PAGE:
Graeme was trained as an economist at Simon Fraser University in Vancouver, Canada where he completed his PhD in 2015. His research interests lie at the cross-section of psychology, sociology and neuroscience – commonly referred to as behavioral economics.
Graeme first became interested in behavioral economics while participating in experiments as a graduate student. Graeme’s inability to select a Nash Equilibrium in many of these experiments made him start wondering why.
It was this experience that led to a research agenda investigating how various aspects of our psyche could lead people to hold different beliefs on how they should behave. His research suggests how different psychological factors – such as cognitive dissonance – drive social phenomena including conformity, homophily and polarization – that ultimately affect decisions made in financial, commercial, and political markets.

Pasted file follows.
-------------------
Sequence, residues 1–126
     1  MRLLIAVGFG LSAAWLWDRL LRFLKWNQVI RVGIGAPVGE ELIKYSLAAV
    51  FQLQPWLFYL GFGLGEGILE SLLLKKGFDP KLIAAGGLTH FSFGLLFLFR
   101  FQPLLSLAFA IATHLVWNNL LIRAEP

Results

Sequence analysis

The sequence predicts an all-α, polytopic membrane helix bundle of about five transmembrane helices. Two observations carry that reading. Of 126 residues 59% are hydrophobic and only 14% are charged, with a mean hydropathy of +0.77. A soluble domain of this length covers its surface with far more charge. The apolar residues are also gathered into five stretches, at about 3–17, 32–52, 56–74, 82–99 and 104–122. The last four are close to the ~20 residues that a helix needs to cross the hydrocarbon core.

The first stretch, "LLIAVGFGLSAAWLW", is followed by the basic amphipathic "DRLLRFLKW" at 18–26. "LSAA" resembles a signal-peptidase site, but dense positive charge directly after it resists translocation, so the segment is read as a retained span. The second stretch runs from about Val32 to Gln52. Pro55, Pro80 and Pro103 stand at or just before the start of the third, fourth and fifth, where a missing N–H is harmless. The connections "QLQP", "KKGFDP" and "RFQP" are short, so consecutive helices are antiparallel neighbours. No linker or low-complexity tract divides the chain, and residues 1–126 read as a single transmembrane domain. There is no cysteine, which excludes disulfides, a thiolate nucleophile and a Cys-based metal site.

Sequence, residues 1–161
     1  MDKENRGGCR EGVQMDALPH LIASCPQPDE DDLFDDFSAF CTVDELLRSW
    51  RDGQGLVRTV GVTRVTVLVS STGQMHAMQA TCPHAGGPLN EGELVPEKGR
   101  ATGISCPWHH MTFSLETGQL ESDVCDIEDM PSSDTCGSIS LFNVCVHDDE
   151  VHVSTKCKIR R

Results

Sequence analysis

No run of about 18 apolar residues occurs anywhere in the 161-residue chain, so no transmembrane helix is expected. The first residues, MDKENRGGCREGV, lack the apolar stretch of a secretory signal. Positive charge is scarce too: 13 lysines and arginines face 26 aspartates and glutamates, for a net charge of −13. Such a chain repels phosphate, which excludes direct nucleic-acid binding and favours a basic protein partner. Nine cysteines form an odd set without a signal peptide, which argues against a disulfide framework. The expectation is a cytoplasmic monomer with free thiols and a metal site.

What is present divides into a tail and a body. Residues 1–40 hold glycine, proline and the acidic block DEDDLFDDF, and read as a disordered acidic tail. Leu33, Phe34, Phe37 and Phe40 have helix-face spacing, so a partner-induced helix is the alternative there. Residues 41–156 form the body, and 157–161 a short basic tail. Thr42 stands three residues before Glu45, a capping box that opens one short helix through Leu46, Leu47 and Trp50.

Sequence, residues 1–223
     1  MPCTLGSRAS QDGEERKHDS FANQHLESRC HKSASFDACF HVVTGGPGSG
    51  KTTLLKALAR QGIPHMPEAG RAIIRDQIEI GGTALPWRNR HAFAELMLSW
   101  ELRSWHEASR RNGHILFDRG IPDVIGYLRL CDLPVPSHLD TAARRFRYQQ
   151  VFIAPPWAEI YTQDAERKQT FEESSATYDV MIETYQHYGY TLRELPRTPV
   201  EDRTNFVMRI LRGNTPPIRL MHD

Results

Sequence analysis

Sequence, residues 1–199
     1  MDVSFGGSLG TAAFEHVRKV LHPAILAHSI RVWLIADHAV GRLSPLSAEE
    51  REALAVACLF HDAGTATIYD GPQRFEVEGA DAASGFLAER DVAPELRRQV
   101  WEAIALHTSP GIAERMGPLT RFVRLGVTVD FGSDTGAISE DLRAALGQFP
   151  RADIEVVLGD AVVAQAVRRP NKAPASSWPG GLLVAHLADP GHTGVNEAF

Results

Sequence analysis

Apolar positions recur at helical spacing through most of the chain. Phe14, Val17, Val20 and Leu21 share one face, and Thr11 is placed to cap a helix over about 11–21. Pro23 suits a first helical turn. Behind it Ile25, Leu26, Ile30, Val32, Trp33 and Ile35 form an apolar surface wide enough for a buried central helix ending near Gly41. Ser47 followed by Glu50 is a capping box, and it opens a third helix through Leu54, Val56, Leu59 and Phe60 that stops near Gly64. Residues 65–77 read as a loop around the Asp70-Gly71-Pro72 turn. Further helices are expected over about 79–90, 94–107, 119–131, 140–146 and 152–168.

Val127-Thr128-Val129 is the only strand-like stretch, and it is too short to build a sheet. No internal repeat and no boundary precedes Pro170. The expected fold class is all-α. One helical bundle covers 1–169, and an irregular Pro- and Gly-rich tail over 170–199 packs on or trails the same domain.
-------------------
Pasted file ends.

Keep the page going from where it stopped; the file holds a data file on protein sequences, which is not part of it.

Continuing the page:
Over the past four years, Graeme has lectured in Ho Chi Minh City. During this time, he has taught thousands of Vietnamese students in undergraduate courses related to statistics and economics as well as MBA courses in strategy and operations management.
He has also supervised a number of MBA research projects on topics related to foreign managers in Vietnam, power structures in Vietnamese organizations and open innovation in Vietnamese SMEs.